2017-10-11 / Editorial

Where has the volunteer spirit gone?

Over the past month, The Courier-Times has featured stories about each of the volunteer fire departments in Person County, along with another story about the Roxboro-Person Rescue Squad.

The leaders of these volunteer organizations all had different stories to tell, but there were threads throughout those stories that wove each department together.

In most every case, the departments struggle with the dwindling number of volunteers who are willing to give of their time and talents to support the mission of these agencies.

It’s a common theme among volunteer organizations. Civic clubs struggle to maintain their membership numbers.

A visit with American Legion leaders Roger Crump and Charlie Lunsford on Monday raised the same refrain. That organization has nearly 200 members on its rolls, though only about 30 are active with the organization.

So why is it, I wonder, that groups with altruistic intentions struggle to attract members?

The answer is probably different with every organization.

Volunteering with the local fire department requires a ton of training. That’s time spent away from family practicing and learning about a skill most of us don’t have.

For groups like the American Legion, I suspect, as Roger told me, some veterans don’t necessarily want to revisit their experience, especially if it’s a recent military experience.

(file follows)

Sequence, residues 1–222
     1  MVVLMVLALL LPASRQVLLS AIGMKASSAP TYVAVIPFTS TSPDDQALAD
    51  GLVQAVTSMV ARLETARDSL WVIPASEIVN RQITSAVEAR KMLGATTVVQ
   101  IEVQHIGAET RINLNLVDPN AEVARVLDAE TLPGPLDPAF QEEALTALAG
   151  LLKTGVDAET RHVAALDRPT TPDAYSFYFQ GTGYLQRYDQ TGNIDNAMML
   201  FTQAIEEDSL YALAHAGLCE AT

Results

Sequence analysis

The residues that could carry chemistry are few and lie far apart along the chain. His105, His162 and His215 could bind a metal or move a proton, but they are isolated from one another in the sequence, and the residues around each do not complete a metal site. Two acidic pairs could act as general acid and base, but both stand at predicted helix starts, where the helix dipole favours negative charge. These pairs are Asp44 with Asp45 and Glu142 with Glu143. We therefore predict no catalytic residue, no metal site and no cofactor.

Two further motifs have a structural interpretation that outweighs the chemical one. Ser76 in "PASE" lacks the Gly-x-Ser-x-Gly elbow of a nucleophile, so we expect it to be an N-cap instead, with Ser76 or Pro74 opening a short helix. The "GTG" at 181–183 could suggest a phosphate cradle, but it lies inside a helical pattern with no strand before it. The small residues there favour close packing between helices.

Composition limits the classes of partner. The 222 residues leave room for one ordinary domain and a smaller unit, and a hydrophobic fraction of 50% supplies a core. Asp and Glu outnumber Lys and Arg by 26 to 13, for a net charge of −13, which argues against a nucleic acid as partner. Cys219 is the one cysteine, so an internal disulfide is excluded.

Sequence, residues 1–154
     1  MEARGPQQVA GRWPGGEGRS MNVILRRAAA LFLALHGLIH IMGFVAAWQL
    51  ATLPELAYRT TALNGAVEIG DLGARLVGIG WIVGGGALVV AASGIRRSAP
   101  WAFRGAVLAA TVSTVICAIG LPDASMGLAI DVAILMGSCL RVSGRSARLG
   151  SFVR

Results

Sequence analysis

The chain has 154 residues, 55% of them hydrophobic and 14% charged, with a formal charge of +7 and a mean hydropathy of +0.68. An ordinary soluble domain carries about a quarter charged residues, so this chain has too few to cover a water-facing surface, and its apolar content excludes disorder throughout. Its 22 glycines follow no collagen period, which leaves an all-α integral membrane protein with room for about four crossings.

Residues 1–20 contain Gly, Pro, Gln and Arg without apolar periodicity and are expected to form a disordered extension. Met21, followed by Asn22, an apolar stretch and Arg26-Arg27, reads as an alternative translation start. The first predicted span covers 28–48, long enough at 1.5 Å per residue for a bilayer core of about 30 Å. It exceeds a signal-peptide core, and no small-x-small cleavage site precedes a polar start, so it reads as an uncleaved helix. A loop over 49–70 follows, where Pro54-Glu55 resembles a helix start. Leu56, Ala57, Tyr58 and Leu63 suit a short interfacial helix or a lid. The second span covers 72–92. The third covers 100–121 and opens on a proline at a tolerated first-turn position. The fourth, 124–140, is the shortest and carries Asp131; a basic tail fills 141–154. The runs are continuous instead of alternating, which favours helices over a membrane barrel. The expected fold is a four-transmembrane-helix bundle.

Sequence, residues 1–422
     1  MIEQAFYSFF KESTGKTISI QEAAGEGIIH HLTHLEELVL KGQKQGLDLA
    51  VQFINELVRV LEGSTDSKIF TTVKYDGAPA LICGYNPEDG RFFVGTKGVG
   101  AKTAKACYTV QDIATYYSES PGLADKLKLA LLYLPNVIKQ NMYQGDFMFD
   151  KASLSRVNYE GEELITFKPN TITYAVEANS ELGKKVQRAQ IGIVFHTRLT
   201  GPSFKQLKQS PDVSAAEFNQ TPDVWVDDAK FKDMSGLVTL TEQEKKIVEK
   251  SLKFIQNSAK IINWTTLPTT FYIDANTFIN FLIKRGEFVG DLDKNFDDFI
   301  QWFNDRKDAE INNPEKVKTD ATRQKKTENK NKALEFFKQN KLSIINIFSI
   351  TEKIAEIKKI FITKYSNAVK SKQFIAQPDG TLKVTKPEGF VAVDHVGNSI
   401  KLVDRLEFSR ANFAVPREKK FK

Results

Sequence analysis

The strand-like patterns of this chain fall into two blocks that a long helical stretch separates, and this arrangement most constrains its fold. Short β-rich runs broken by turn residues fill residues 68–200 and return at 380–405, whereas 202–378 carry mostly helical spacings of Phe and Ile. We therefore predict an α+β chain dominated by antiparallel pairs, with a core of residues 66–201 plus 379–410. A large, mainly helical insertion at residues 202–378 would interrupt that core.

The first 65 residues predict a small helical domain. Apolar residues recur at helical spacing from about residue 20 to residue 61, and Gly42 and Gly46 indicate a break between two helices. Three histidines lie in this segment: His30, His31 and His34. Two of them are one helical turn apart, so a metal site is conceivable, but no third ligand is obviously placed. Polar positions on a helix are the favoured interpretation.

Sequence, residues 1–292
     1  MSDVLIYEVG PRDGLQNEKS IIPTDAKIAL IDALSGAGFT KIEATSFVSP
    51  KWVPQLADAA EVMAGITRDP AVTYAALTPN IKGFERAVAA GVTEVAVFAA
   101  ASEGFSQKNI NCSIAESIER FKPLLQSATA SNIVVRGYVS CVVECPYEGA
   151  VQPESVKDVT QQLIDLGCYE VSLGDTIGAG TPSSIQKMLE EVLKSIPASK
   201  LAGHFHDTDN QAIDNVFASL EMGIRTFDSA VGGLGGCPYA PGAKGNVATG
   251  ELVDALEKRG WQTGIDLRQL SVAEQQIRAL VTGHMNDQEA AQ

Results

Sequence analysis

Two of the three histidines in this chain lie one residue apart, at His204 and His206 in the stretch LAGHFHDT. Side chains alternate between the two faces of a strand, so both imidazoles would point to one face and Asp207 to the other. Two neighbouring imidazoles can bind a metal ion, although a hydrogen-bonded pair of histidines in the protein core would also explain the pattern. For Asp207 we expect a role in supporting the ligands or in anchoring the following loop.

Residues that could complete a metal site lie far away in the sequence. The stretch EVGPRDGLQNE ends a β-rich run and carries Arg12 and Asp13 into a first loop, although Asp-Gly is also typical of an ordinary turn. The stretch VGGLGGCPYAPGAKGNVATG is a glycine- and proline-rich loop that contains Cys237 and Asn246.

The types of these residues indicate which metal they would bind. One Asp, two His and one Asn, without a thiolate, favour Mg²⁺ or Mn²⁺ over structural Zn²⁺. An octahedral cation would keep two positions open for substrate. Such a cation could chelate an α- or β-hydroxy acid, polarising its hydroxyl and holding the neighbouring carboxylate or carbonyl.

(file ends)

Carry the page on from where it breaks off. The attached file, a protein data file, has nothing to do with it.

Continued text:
Civic clubs actually cost money to join. Potential new members must pay for the right to volunteer.

There’s also the more obvious answer which says young people are too self-absorbed in their own lives to bother giving of their time.

Having lived through a period as a single adult, then a married man and, finally, a father of young children who have now grown up, I can speak with experience when I say that each of those stages in life gives us plenty of excuses for not volunteering.

But I suspect that if each of us were to take a true inventory of how we spend our time, we would find that we have time to give of ourselves that we are currently using on activities that serve no real long-lasting purpose.

Oh, sure, there may be some short-term gratification.

Spending a Saturday afternoon watching a football game may be a just reward for a hard week at work.

Taking in the kids’ play at school on a Tuesday night is part and parcel of being a good parent.

But for everything we do, chances are there is a way we could make those experiences richer by volunteering.

If you’ve ever had the chance to usher at a college football game you know the fun and reward that comes from watching people and, oh, yes, catching the game live and inperson.

If you’ve been to the school play, you may have observed the make-shift set that could have been made better if you had donated your time and carpentry skills.

For those who argue they don’t have time to volunteer, here’s one final question to consider. What kind of legacy are you leaving?

What will your children, your neighbors, your co-workers say about you when you’re gone? “Yeah, that Bill. He loved watching Shark Tank.”

Or would you rather they think more about your giving heart and your compassion for others who don’t enjoy the benefits of life as good as you have it?

Contrary to popular belief, this world doesn’t owe us anything.

We won’t get materially rich because we give away our time and our talents.

But from an emotional, spiritual way people who volunteer will be rich beyond compare if they simply share themselves with others.

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